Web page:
JZ supporters attempt to discredit SG report after failing to block it

President Jacob Zuma’s supporters have launched a fight-back after failing to block a scathing diagnostic report by the secretary general from being tabled at the party’s national policy conference this week, by attempting to discredit the report and questioning why the Gupta family was singled out.

The Mail & Guardian has also reliably learnt that Zuma himself objected to certain sections of the diagnostic report during the National Executive Committee (NEC) meeting last week.

The report, authored by secretary general Gwede Mantashe, placed much of the blame for declining electoral support and public confidence on Zuma’s scandals. These include the Constitutional Court judgement on Nkandla, the Spy Tapes and state capture, which implicates Zuma’s family friends, the Guptas.

In the NEC meeting last Tuesday, Zuma objected to the use of the word “decline” when describing electoral support, and to Mantashe saying the ANC “lost” the 2016 local government elections in Nelson Mandela Bay, Johannesburg and Tshwane.

The president’s allies Nathi Mthethwa and Kebby Maphatsoe also objected to the report being tabled at the policy conference.

During his opening address to the conference at Nasrec on Friday, Zuma spoke broadly about the phenomenon of state capture and the ANC’s “significant setback” during the elections, but failed to mention the Gupta family. He said the party should spend more time on solutions, not lingering on diagnosis.

The M&G revealed on Friday night that an attempt to prevent the report from being discussed was defeated after being tabled by Mpumalanga and supported by KwaZulu-Natal and the Free State provinces.

On Sunday deputy president Cyril Ramaphosa told journalists: “This was a document approved by the NEC. Initially some of the delegates said no, maybe it should not be presented and finally, it was agreed that it should be presented.”

Gauteng chairperson Paul Mashatile on Sunday backed Mantashe’s decision to single out the Gupta family in the report.

“That is the reality of our situation, and he’s not saying that there are no other families that might be trying to influence leaders of the ANC. I think he was right to raise it in that manner.”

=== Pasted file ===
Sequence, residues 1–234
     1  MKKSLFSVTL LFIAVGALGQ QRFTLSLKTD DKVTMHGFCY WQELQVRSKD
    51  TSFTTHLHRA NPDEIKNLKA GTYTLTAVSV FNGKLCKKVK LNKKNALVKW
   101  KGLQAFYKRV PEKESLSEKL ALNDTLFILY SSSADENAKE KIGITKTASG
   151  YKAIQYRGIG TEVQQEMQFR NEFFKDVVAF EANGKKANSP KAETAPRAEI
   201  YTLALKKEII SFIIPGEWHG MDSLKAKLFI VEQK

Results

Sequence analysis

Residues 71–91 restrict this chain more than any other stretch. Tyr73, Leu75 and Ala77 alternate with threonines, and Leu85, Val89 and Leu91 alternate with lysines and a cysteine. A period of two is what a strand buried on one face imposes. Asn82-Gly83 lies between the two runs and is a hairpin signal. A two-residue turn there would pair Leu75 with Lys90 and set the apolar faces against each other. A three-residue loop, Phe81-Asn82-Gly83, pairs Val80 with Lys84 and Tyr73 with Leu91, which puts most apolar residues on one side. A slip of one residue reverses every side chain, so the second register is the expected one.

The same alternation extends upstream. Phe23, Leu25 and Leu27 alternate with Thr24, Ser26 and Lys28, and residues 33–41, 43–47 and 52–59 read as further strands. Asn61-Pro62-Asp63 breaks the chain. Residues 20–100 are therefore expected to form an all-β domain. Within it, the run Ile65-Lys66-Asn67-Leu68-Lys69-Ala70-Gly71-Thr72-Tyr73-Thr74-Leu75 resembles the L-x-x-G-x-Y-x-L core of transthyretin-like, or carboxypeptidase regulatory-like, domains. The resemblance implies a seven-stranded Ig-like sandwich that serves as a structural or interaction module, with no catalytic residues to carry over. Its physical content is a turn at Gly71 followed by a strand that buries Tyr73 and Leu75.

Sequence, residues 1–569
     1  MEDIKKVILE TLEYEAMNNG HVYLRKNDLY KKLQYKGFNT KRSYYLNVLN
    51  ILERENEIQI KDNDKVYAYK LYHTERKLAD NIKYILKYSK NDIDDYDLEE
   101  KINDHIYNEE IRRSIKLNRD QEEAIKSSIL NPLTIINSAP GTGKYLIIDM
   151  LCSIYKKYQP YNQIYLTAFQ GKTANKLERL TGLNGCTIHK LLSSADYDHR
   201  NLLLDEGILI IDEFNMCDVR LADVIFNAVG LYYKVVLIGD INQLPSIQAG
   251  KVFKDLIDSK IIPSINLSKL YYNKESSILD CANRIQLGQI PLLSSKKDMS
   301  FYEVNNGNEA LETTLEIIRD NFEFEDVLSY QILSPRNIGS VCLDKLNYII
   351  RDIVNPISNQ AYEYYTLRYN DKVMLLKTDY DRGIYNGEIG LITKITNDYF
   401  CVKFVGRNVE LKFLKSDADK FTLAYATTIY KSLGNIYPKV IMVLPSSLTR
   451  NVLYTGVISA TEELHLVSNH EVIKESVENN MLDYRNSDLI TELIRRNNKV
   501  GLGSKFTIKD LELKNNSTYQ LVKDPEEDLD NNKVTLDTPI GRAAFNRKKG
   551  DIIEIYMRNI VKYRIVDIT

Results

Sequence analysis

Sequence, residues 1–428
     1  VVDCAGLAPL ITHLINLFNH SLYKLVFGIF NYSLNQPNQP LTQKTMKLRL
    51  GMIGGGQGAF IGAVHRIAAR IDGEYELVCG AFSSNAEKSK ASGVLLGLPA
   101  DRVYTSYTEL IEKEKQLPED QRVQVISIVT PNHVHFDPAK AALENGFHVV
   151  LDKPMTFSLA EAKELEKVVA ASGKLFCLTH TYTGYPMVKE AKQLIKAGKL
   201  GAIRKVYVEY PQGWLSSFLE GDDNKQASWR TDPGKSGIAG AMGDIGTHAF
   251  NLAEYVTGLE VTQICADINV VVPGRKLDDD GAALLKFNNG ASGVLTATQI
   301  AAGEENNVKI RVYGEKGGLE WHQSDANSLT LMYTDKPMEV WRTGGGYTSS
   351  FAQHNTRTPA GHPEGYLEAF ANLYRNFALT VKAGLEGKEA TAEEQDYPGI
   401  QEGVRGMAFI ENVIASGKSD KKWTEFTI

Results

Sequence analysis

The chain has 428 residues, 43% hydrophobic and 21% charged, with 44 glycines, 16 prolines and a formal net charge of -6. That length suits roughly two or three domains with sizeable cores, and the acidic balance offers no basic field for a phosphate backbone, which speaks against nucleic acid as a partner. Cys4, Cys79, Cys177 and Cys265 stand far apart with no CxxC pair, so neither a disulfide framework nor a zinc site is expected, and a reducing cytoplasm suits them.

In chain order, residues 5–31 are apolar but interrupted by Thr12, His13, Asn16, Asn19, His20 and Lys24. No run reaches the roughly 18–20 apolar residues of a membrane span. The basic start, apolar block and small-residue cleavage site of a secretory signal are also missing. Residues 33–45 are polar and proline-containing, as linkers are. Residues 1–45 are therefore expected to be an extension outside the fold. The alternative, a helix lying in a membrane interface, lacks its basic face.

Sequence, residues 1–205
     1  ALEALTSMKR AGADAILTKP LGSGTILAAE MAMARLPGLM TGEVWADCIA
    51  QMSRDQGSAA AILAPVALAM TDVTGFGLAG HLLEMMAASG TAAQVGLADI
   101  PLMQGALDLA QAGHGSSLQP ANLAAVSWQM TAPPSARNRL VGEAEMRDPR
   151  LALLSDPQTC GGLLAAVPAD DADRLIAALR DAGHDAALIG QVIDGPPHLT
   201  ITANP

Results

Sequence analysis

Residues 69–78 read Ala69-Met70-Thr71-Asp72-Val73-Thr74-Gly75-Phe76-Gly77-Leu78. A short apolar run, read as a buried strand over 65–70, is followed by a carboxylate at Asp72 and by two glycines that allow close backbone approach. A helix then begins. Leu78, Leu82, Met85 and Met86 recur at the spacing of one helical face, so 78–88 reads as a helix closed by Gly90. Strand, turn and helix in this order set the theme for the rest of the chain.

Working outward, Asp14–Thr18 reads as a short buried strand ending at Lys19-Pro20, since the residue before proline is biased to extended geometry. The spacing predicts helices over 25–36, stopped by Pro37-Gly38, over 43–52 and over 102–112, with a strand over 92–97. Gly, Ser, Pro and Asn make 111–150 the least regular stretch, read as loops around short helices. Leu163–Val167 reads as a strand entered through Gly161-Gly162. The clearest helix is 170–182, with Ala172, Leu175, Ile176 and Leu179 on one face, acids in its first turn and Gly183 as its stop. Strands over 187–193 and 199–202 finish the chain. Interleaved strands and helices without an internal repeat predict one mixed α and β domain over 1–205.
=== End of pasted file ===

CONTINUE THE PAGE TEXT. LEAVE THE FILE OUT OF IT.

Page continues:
He said delegates who opposed the report were persuaded to allow it, and indicated their intention to continue the debate in the commissions.

“We are in a situation where the ANC is in trouble, so it can’t be business as usual. We can’t just talk about policy. Let’s fix the organisation. And the majority of delegates were for that, and the others who were raising it said no, it’s fine, we’ve been persuaded, let the SG table it and then we will have discussion in the commissions,” he told the M&G.

Eastern Cape ANC chairperson Phumulo Masualle said the fact that the debate around the state of the ANC started off with a disagreement would not derail unity talks.

“We work together to unite the organisation and of course we will proceed from that, from different poles at times, and that’s natural for an organisation as big as ours. But what’s important is that we’ve got to converge and move in a singular direction,” he said on the sidelines of conference.

Treasurer general Zweli Mkhize said all of the specific allegations of wrongdoing by specific ministers, government staff or ANC members related to state capture, which were highlighted in Mantashe’s report, should be dealt with by the judicial commission of inquiry.

He said the policy conference should only deal with the weaknesses in the ANC.

“There are over 4 000 delegates at conference; they have been broken down into 11 groups. All of them must discuss that issue and other issues around the question of the weaknesses and the tendencies that need to be corrected inside the organisation. That’s how I think we must deal with it,” said Mkhize.

ANC spokesperson Zizi Kodwa said the party would not comment on matters under discussion in commissions, but a resolution on the diagnosis would be taken on Tuesday.

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Govan Whittles

Govan Whittles is a general news and political multimedia journalist at the Mail & Guardian. Born in King William's Town in the Eastern Cape, he cut his teeth as a radio journalist at Primedia Broadcasting. He produced two documentaries and one short film for the Walter Sisulu University, and enjoys writing about grassroots issues, national politics, identity, heritage and hip-hop culture.

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